• undefined The men (Eric and Raphael) decided it would be a good idea to have a bonfire and burn the mountain of dried weeds that had accumulating in one area of the vegetable plot. They burnt very well but gave off billowing smoke. Thankfully there are no restriction about having bonfires here as there are in England.
  • I spread out all the seeds outside on the table that we had accumulated in our seed box. Some were 2 years old and had come from England, some were bought here and obviously with instructions in Hungarian and various seeds we had collected and packeted. Eric and I discussed at length and decided what to plant where and managed to decipher the Hungarian seed packets with the help of Google translate.
  • undefined Time to get physical, in the gardening sense! I wanted 4 veggie plots and had one left to do to accomplish this. The ground was hard as we have had no rain for a while, it had to be done so set to work with energetic enthusiasm. Haley managed to be a helpful hindrance, jumping all over the new veggie plots, I spent a lot of time shooing her off! By the time I had finished my enthusiasm had died and I needed to sit down. I was super proud of my 2 hour digging and weeding spell though.
  • The plan for our meal was BBQed beef, marinated in spicy chillies served with sumac, red onion salad and baked potatoes. Eric is ALWAYS the outdoor BBQ chef which is wonderful to eat food prepared by someone else. We all ate around 3pm, working in the garden made us all super hungry.
  • undefined By mistake I had bought several bags of what I thought was bread flour when in fact it was actually all purpose flour. The men decided I needed to make something delicious! I sat at my PC and researched some traditional Hungarian bakes. I came across a Hungarian braided sweet bread (as in bread that is sweet), a brioche style bread traditionally eaten at Easter in Hungary. Since we are nearly at Easter I gave it a go. It was a resounding success. One to put in my recipe journal.
  • Back to mundane tasks, filling the dishwasher, clearing the kitchen, feeding Haley then putting her in her kennel for the night. Eric watered the garden (his daily task) whilst I sat down to my PC.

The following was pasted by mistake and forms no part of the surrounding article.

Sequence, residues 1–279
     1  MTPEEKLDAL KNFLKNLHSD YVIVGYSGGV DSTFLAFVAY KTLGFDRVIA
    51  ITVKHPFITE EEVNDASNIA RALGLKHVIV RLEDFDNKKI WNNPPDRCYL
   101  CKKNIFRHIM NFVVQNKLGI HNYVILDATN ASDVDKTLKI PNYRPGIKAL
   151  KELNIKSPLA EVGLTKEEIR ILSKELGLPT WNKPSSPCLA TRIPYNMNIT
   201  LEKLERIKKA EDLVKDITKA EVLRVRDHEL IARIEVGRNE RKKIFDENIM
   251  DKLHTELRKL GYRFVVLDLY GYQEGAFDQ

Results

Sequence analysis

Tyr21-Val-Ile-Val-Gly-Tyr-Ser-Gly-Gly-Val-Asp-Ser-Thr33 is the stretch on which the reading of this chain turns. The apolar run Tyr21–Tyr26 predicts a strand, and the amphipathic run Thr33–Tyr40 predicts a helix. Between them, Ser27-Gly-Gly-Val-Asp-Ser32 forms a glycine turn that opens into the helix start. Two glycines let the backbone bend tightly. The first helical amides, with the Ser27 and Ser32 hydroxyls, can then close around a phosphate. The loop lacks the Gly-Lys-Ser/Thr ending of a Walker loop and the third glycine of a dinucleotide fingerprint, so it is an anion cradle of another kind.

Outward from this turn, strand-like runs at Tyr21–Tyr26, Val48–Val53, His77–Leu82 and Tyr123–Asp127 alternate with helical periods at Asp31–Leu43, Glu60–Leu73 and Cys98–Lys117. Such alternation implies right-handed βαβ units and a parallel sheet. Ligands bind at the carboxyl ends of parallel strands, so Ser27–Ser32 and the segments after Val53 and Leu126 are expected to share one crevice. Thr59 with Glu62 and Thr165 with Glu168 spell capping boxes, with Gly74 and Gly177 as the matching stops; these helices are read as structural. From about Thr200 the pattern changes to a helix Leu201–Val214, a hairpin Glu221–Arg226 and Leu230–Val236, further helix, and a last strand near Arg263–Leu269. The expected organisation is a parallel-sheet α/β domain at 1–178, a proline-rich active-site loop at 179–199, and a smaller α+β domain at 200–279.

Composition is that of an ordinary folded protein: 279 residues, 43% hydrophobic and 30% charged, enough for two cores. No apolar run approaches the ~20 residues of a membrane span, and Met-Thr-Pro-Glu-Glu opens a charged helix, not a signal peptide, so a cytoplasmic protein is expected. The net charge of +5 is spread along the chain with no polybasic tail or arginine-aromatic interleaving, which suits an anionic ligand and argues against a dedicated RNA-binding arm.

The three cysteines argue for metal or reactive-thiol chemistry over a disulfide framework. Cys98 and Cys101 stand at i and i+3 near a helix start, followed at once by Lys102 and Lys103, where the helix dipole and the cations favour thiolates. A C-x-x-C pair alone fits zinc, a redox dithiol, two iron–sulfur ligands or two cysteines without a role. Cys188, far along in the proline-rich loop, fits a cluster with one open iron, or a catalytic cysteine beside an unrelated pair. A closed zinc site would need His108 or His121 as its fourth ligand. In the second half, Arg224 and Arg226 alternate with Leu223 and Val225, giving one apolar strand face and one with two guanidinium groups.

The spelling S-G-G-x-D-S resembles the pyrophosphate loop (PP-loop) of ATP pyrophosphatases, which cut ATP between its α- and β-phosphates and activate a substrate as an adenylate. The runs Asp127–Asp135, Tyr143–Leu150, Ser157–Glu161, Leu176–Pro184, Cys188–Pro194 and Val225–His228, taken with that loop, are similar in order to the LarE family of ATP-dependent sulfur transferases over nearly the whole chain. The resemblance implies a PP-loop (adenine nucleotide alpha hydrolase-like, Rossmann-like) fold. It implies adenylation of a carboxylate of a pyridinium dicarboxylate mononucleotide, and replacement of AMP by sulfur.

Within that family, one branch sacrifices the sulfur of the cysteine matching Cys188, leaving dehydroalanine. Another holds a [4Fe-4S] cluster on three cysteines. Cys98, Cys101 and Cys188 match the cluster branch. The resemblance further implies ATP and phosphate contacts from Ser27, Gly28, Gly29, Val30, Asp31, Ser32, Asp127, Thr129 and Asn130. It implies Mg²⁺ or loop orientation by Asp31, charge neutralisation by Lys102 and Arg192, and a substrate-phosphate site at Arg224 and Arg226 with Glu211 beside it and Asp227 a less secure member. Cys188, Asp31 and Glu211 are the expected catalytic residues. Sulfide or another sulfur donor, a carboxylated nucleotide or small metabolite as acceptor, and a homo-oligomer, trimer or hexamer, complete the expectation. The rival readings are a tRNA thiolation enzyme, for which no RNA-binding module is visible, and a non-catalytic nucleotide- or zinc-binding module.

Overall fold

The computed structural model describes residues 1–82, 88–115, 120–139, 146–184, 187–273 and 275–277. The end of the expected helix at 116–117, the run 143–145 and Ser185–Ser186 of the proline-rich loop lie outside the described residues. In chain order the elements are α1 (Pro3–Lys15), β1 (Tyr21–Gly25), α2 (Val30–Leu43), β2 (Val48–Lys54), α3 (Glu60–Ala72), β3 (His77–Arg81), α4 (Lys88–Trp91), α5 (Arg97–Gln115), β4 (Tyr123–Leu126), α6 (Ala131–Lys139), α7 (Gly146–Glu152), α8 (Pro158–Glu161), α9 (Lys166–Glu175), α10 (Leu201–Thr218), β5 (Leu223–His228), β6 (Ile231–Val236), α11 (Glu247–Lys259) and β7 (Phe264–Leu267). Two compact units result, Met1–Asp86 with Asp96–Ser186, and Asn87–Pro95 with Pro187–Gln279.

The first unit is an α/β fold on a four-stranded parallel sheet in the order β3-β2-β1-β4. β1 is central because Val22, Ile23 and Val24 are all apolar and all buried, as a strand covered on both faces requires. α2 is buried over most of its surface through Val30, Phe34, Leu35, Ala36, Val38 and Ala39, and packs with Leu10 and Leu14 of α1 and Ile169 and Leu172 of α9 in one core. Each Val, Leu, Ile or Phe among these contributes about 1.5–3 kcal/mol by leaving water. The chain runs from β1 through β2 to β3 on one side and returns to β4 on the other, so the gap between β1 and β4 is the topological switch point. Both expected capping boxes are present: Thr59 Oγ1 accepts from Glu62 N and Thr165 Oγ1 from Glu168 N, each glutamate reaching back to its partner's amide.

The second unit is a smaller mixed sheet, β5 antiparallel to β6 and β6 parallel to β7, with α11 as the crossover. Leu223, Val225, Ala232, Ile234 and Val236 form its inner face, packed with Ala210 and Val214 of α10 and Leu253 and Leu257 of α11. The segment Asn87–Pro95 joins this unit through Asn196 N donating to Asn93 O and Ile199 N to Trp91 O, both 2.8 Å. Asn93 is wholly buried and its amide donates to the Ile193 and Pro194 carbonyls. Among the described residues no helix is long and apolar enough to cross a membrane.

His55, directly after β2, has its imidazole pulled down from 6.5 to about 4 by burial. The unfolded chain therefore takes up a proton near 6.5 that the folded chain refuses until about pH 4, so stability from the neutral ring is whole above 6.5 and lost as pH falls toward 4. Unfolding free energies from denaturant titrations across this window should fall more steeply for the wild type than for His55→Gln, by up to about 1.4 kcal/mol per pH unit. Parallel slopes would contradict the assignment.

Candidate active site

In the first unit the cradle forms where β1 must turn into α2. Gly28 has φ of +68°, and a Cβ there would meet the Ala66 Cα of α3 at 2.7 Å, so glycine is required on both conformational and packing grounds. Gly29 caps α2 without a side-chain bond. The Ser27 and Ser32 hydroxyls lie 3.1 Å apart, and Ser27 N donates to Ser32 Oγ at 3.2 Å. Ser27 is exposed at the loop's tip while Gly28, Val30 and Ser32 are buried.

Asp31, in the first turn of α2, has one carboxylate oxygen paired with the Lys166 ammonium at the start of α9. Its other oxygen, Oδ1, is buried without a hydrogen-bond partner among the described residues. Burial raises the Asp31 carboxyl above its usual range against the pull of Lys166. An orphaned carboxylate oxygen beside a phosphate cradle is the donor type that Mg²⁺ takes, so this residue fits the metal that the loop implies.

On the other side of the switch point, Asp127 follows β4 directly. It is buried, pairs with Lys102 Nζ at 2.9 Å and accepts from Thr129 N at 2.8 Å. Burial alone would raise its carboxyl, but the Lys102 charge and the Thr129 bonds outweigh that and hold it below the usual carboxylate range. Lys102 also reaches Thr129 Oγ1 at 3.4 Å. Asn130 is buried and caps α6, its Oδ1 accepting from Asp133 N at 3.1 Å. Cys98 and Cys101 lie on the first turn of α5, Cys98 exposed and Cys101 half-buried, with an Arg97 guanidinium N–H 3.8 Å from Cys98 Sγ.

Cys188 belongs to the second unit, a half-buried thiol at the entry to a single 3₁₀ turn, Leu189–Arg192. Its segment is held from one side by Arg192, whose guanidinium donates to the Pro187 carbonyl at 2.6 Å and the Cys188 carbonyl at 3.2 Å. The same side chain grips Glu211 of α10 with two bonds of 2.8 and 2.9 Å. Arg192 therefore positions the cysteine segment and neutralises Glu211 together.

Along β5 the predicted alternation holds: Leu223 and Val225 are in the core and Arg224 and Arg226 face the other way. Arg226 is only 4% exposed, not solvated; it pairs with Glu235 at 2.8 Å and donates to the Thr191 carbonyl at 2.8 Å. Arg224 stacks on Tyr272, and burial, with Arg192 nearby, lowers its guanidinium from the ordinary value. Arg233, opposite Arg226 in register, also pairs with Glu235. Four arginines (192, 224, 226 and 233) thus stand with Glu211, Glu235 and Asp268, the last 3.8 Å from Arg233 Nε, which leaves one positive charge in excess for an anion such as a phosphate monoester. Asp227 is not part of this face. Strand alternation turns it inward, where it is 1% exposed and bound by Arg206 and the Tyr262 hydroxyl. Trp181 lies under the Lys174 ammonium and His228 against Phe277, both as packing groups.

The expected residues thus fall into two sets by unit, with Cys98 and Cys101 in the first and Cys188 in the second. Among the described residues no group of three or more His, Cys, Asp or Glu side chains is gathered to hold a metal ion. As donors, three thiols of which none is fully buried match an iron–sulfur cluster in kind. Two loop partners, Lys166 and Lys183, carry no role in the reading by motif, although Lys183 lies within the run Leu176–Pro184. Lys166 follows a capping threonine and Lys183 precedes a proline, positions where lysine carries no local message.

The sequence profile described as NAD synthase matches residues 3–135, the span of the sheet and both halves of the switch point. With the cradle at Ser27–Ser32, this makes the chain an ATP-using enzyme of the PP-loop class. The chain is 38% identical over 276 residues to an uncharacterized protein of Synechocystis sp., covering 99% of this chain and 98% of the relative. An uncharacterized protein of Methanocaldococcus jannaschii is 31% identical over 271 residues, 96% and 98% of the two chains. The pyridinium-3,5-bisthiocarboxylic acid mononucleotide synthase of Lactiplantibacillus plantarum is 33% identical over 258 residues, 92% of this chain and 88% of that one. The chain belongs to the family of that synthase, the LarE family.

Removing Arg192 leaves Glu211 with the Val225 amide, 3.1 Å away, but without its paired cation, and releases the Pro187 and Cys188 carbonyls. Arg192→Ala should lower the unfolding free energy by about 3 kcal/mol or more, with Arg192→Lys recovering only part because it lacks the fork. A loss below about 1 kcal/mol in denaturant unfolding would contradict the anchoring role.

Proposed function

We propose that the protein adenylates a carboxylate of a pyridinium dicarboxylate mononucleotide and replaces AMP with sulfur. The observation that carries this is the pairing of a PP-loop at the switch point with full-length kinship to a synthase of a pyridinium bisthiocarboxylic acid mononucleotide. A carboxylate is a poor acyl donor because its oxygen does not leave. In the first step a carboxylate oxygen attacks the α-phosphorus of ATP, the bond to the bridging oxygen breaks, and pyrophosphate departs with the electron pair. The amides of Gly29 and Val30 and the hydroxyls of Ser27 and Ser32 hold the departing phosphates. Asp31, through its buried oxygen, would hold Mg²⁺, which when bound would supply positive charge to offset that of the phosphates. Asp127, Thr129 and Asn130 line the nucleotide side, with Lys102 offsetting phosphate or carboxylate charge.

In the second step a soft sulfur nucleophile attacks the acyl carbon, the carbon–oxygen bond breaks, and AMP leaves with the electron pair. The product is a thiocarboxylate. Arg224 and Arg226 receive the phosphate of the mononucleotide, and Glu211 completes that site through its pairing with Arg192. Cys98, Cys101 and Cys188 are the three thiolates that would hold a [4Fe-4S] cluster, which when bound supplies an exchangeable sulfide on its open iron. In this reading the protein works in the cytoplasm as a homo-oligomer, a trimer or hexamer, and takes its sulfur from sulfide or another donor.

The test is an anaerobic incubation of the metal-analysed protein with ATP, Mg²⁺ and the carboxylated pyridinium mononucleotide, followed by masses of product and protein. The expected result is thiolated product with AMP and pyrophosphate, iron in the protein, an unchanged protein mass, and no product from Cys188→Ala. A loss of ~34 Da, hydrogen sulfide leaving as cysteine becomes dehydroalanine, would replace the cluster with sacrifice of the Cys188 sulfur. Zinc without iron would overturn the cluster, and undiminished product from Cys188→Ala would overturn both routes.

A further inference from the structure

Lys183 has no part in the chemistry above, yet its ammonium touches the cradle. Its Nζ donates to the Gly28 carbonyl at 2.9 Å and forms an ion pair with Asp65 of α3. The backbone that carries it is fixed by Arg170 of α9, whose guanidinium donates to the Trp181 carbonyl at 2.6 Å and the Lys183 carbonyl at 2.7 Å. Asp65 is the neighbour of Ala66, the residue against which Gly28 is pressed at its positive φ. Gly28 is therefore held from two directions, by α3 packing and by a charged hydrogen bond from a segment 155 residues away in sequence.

• This is ‘Me’ time, everyone is fed, the household chores have been done so time for some blogging, reading, uploading and editing photographs and checking the news and social media.
  • Eric is usually in front of the television and Raphael is in his room gaming with his friends.
  • The last couple of hours of the evening are usually spent with Eric, chatting chilling or watching television before going to bed.
  • The last things I do before before going to bed is to check my step counter, I’m regularly reaching my 4000 steps a day goal, today it was 5358! I also check the weather forecast for the next day….I never lose my English habits! Lastly I read my Kindle for as long as it takes me to start yawning, it does not take long these days!

So that is one of my typical days, I am never bored and seem to be always on the go. Life in Hungary is generally thought to be slower than in England but I come to the evening every night and wonder where has the day gone? Tomorrow is a new day and another mental list of jobs are forming in my mind. More gardening, more cooking, more jobs but all with my lovely family around me, I am glad we are retired.

I would be interested to learn how other Expats spend their days. Maybe you can inspire me with your ideas, what you do in your free time, how you are entertaining yourself in this period of ‘lockdown’? I am always up for trying new things and learning new skills.

By Sue

I am an English Ex-Pat living in Hungary with my wonderful husband and gaming-mad teenage son. You can find me frequently writing, reading and taking photographs. We live in a beautiful small rural village surrounded by forests and lakes always appreciating the beauty around us. Life is good.